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Reply: ‘Second Generation Antipsychotic Drugs: Is There a Common Mechanism in the Development of Obesity?’


We would like to thank Dr Ebenbichler and co-workers for their comments and express common interest in a multidisciplinary hypothesis regarding the effects of second generation antipsychotic (SGA) drugs. Even though a unifying mechanism and primary sites of action have not yet been defined, their observations open up an excellent opportunity for a more global perspective. Given the complexity of the pathogenesis of type II diabetes, it is challenging to understand the role that SGAs play in the progression to insulin resistance and diabetes (O’Neill, 2005). This topic has been intensely debated in the literature and considerable evidence points to a variety of adverse physiological effects, including dyslipidemia (Meyer and Koro, 2004), hyperglycemia (Mackin et al, 2005), and increased leptin levels (Zhang et al, 2004). The mechanisms underlying the association of SGA medication with increased prevalence of weight gain and diabetes are multifactorial (Nasrallah, 2003). Certainly, the studies carried out by our laboratory showing a direct and differential effect of antipsychotic agents in adipocytes help to elucidate how cell enlargement may occur and ultimately play a role in body fat distribution and obesity that is seen with the use of SGAs. In addition, other studies focusing on different organs have reported evidence of adverse effects of the drugs (Schwenkreis and Assion, 2004; Horacek et al, 2006; Richards et al, 2006). Moreover, second-generation antipsychotic agents vary significantly in their risk for diabetes and their effects on glucose and lipid metabolism (Newcomer, 2005). More importantly yet, this risk may be correlated with drug concentration in blood (or plasma, or serum), and levels reached at the site of therapeutic and/or toxic effect (s) (Medori et al, 2006).

The comments of Dr Ebenbichler and co-workers are constructive and support the body of evidence behind the incidence of diabetes in schizophrenic patients on SGAs. Furthermore, the reports of Ebenbichler and co-workers on insulin signaling pathways in muscle (Engl et al, 2005) may create additional hypothesis-driven research directed toward understanding molecular mechanisms that promote poor cellular response in insulin target tissues. Conversely, attention should also be given to neuroendocrine aspects of schizophrenia when it comes to carbohydrate abnormalities. Neuroendocrine dysfunction has been documented in those subjects (Tandon and Halbreich, 2003), particularly hypercortisolemia, which increases the risk for comorbid diabetes even before treatment with SGAs is initiated. This might be a condition where plasma concentrations of SGAs would be critical to activate malfunctioning of insulin-target tissues. To make matters even more complex, genetic polymorphism has been implicated in the SGA-induced weight gain (Reynolds et al, 2005). Therefore, the association between these polymorphisms and the symptom responses to antipsychotic treatment and side effects of such treatment, notably weight gain, should be further investigated as well, and related to the presumed functionality of these polymorphisms. Such studies clearly demonstrate the potential of pharmacogenetics in optimizing treatment for the individual patient.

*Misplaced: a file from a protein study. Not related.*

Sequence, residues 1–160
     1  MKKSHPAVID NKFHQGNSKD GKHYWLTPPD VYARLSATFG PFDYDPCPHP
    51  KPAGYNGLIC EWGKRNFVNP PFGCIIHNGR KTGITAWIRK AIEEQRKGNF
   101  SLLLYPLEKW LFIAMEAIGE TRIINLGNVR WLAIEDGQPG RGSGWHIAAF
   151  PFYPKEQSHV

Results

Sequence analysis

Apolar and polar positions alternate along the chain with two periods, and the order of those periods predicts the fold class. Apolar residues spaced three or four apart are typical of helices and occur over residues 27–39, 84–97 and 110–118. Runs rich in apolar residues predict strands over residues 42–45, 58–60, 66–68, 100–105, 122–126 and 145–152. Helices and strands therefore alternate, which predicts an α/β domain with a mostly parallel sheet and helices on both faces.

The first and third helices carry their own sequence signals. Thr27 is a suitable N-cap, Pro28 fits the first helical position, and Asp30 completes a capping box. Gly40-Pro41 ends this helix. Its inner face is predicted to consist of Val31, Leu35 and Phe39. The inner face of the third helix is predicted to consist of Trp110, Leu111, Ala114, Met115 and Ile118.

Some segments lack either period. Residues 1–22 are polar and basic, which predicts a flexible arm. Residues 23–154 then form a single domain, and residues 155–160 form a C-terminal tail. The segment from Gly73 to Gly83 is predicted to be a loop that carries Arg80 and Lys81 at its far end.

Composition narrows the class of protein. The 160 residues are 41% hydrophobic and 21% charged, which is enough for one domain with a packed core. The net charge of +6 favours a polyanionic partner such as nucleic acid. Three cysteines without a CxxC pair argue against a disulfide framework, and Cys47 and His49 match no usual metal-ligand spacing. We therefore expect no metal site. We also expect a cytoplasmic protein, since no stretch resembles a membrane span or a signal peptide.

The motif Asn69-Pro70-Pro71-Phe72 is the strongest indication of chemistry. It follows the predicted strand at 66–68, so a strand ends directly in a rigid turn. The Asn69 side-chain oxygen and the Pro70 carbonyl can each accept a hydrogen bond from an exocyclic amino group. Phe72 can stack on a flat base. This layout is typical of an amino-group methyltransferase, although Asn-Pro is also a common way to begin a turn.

We disclose that there are no conflicts of interest for any of the authors relating to this submission.


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Correspondence to Helliner S Vestri.

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Vestri, H., Maianu, L., Moellering, D. et al. Reply: ‘Second Generation Antipsychotic Drugs: Is There a Common Mechanism in the Development of Obesity?’. Neuropsychopharmacol 32, 2433–2434 (2007).

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